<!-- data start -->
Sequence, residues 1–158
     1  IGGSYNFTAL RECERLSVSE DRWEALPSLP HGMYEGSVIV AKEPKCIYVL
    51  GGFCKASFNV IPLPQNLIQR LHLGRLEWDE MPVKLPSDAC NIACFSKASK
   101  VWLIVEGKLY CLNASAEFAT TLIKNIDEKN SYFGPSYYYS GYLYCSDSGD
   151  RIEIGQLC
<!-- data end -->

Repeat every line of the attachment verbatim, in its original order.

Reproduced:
Sequence, residues 1–158
     1  IGGSYNFTAL RECERLSVSE DRWEALPSLP HGMYEGSVIV AKEPKCIYVL
    51  GGFCKASFNV IPLPQNLIQR LHLGRLEWDE MPVKLPSDAC NIACFSKASK
   101  VWLIVEGKLY CLNASAEFAT TLIKNIDEKN SYFGPSYYYS GYLYCSDSGD
   151  RIEIGQLC